• Post Reply Bookmark Topic Watch Topic
  • New Topic
programming forums Java Mobile Certification Databases Caching Books Engineering Micro Controllers OS Languages Paradigms IDEs Build Tools Frameworks Application Servers Open Source This Site Careers Other Pie Elite all forums
this forum made possible by our volunteer staff, including ...
Marshals:
  • Tim Cooke
  • Campbell Ritchie
  • Ron McLeod
  • Junilu Lacar
  • Liutauras Vilda
Sheriffs:
  • Paul Clapham
  • Jeanne Boyarsky
  • Henry Wong
Saloon Keepers:
  • Tim Moores
  • Tim Holloway
  • Stephan van Hulst
  • Piet Souris
  • Carey Brown
Bartenders:
  • Jesse Duncan
  • Frits Walraven
  • Mikalai Zaikin

compare a String created at runtime? pls help

 
Ranch Hand
Posts: 36
  • Mark post as helpful
  • send pies
    Number of slices to send:
    Optional 'thank-you' note:
  • Quote
  • Report post to moderator
I do not understand why line 2 compare a String created at runtime?
1. String java = "java", va = "va";
2. System.out.println(java == "ja"+va);
please help me to understand it,
thanks for help,
tg
 
Greenhorn
Posts: 29
  • Mark post as helpful
  • send pies
    Number of slices to send:
    Optional 'thank-you' note:
  • Quote
  • Report post to moderator

Originally posted by tom gong:
I do not understand why line 2 compare a String created at runtime?
1. String java = "java", va = "va";
2. System.out.println(java == "ja"+va);
please help me to understand it,
thanks for help,
tg


In line 1 you create a string in the String pool area, but in line 2, when you use "+", you actually create a new object and that object is not in the string pool area.Although the contents of two objects are same, their memory address are different. Therefore line 2 should print false
Kai

[This message has been edited by Kai Li (edited July 23, 2000).]
 
tom gong
Ranch Hand
Posts: 36
  • Mark post as helpful
  • send pies
    Number of slices to send:
    Optional 'thank-you' note:
  • Quote
  • Report post to moderator

my question is regarding compile time vs runtime.
the orginal question was from Duncan Anderson's book published from syngress as following :
why is output?
1. class test{
2. public static main (String []ags)
3. {
4. String java ="java", ja="ja";
5. System.out.println(java == "java");//true
6. System.out.println(java == "ja"+"va");//true
7. System.out.println(java == "ja"+ va);//false
8. }
9. }
for line 5 and 6 output is true, I understand.
but I do not understand line 7, the output is false, because based on book, line 6 compare a String created at compile time, line 7 compare a String created at runtime.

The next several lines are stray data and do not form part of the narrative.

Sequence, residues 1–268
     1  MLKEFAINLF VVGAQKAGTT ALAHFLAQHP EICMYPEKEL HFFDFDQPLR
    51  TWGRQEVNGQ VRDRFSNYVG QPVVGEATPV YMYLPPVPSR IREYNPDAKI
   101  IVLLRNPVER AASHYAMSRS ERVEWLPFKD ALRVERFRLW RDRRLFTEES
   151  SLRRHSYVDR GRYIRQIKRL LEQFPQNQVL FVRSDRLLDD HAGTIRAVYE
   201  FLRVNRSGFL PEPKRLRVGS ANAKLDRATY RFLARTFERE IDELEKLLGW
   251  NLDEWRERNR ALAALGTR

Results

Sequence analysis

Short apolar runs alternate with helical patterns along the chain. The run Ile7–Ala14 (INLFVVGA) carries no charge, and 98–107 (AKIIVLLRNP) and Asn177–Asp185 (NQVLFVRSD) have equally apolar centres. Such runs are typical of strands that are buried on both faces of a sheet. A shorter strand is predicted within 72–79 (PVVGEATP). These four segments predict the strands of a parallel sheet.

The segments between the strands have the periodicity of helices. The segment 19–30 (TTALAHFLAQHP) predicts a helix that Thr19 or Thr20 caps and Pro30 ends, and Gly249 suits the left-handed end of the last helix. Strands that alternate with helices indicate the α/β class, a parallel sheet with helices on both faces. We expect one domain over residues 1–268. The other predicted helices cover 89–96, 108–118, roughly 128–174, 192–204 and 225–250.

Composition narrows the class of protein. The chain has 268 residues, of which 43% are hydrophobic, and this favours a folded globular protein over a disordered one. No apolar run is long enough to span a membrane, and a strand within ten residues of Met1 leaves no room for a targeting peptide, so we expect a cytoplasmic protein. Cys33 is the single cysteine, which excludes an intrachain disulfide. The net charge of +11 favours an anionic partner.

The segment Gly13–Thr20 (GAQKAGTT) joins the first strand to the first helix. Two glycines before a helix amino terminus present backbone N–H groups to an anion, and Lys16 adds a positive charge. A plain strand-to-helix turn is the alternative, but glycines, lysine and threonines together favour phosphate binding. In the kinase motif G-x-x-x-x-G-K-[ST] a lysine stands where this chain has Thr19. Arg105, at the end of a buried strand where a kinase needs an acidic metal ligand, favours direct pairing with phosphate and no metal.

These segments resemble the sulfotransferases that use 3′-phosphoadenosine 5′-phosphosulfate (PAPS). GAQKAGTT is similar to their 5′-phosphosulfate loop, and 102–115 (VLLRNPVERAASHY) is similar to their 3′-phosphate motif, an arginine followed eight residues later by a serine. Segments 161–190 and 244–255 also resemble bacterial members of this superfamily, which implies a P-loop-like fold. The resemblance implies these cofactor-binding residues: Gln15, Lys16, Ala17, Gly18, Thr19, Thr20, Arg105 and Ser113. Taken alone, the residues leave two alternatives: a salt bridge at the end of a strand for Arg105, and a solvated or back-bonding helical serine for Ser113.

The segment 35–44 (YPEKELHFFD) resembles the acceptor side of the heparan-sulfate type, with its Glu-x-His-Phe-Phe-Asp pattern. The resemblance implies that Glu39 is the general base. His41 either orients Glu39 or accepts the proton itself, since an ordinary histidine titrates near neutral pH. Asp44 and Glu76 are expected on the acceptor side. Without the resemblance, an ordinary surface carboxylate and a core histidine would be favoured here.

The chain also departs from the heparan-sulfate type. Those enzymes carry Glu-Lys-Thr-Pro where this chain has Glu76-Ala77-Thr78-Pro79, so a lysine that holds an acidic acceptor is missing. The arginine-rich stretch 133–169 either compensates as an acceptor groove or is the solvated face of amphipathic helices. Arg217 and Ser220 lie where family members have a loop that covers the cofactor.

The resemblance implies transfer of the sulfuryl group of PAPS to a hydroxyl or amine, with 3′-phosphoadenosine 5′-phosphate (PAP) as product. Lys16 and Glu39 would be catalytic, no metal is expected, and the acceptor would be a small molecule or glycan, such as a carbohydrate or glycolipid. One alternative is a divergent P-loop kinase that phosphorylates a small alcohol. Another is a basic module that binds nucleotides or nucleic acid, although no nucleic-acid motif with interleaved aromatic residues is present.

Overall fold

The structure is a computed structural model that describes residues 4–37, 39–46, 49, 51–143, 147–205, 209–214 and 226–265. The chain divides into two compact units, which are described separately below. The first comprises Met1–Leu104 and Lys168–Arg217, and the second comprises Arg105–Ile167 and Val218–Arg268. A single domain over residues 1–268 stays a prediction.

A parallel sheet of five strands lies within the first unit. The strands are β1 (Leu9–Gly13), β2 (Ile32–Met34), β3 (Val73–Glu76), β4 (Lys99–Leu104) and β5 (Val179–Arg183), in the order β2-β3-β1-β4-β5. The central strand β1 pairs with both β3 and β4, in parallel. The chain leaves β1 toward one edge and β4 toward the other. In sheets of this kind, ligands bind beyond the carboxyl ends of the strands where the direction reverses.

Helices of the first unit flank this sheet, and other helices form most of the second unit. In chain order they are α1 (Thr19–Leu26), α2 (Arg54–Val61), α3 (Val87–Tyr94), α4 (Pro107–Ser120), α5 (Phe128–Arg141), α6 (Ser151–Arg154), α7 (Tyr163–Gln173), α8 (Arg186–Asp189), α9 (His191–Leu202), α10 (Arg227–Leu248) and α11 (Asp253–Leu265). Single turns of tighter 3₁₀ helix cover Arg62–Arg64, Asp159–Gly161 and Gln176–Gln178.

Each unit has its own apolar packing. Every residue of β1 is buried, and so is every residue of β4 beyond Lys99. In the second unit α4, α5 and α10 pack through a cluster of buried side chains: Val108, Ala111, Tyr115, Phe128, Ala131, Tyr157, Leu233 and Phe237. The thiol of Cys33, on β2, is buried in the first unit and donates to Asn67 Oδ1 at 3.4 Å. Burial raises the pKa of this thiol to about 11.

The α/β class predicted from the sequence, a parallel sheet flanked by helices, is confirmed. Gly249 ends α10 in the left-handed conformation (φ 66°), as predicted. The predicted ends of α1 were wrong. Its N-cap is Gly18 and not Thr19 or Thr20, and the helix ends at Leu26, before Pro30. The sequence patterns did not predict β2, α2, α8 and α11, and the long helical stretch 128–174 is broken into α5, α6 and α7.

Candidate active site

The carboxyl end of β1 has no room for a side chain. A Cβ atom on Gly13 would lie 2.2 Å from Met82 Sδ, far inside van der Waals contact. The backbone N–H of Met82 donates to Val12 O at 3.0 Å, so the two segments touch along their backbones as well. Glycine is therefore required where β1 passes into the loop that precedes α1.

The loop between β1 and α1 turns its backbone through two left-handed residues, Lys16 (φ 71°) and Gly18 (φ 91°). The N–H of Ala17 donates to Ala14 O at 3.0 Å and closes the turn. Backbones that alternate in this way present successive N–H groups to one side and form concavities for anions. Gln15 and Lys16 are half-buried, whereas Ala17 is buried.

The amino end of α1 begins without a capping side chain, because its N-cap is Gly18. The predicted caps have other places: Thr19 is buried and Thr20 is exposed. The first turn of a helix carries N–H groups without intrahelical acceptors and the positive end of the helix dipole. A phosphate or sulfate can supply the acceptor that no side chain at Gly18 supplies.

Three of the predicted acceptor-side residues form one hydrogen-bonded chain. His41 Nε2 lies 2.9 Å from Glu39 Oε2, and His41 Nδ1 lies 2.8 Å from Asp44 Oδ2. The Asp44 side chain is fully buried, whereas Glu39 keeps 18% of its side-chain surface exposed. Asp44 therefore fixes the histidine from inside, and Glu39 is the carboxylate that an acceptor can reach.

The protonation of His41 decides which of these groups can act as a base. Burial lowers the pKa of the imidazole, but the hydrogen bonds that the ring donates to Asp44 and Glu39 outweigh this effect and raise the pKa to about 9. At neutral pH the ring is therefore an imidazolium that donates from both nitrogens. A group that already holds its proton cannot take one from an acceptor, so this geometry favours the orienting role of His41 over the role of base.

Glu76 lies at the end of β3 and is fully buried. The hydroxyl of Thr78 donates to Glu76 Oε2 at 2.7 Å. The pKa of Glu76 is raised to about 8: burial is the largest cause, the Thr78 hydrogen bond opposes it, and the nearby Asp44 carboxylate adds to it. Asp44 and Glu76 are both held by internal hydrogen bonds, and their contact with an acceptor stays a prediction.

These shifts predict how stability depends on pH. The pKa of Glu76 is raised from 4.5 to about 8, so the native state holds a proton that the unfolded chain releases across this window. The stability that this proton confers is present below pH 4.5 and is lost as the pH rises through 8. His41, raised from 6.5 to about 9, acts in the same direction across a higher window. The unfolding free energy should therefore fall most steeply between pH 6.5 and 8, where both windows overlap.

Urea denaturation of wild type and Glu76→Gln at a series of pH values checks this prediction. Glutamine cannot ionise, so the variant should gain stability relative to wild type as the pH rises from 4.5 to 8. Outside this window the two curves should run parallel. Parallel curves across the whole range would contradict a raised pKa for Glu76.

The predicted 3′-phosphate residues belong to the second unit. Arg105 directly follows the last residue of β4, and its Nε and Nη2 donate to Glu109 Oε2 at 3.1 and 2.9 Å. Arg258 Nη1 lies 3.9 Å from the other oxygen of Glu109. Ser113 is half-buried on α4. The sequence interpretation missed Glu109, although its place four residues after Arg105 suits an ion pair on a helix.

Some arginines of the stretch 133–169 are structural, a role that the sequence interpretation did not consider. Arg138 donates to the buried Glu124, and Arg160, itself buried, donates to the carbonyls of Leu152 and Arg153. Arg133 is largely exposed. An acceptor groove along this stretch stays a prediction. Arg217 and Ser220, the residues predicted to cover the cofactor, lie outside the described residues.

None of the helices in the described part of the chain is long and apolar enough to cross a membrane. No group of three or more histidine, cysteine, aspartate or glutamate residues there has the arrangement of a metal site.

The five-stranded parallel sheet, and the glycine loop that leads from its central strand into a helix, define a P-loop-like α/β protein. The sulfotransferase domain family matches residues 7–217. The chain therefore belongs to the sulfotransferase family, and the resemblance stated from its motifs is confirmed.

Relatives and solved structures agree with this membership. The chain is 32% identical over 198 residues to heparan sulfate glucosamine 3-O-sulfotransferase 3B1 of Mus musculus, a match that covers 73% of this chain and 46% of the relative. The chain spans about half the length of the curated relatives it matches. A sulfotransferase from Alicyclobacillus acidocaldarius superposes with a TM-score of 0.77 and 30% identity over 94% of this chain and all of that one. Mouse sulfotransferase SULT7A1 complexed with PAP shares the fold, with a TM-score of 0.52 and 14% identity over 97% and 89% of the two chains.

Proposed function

can anybody tell me why line 7 compare a String created at runtime?
sorry about this question,
tg
 
Ranch Hand
Posts: 277
  • Mark post as helpful
  • send pies
    Number of slices to send:
    Optional 'thank-you' note:
  • Quote
  • Report post to moderator
Hi ,
let me try to help u.
In some previous discussion jim has provided a link to JLS (here <http://java.sun.com/docs/books/jls/html/3.doc.html>;). So if u go there and read u will find following statement.

Strings computed by constant expression (�15.27) are computed at compile time and then treated as if they were literal.

If we go through the following example
String a = "Bill"; // String constant
String b = "Gates"; // String constant
String b = "Bill" + "Gates"; // String constant
String d = a + b; // not a String constant
See last statement is not a String literal because it is not a String constant expression.Result is not known at compile time because it is based on variables.
However if we change the example little bit and make both the variables as final variable
final String a = "Bill"; // String constant
final String b = "Gates"; // String constant
String d = a + b; // this *is* a String constant
See Now last statement is a String literal because now it is a String constant expression. Result is known at compile time because it is based on final variables.
Hope this will help u. feel free to correct me any time.
Regards
Vivek
 
tom gong
Ranch Hand
Posts: 36
  • Mark post as helpful
  • send pies
    Number of slices to send:
    Optional 'thank-you' note:
  • Quote
  • Report post to moderator
but......., sorry I am kind of slow.
look at your code, first example.
1. String a = "Bill";
2. String b = "Gates";
3. String b = "Bill" + "Gates";
4. String d = a + b;
when compiler compile to line 4, compiler already know that a = "Bill" and b = "Gates", so Result is known at compile
time. d can be asigned at compile time.
thank again for your help,
tg
 
Vivek Shrivastava
Ranch Hand
Posts: 277
  • Mark post as helpful
  • send pies
    Number of slices to send:
    Optional 'thank-you' note:
  • Quote
  • Report post to moderator
Hi,
Compiler does not keep track of where variable is being used. so value of variable might be the same or some other expression has changed it. but if u declare a variable as final now it is for sure that u can't change the vale of same variable somewhere else.
Hope i am able to clear my point. i would love to hear from someone who can explain it in better ways.
vivek
[This message has been edited by Vivek Shrivastava (edited July 24, 2000).]
reply
    Bookmark Topic Watch Topic
  • New Topic